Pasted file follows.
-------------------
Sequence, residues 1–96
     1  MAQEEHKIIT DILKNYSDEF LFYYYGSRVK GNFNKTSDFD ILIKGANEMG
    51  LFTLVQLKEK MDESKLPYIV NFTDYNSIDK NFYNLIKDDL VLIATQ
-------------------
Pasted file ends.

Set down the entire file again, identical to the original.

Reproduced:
Sequence, residues 1–96
     1  MAQEEHKIIT DILKNYSDEF LFYYYGSRVK GNFNKTSDFD ILIKGANEMG
    51  LFTLVQLKEK MDESKLPYIV NFTDYNSIDK NFYNLIKDDL VLIATQ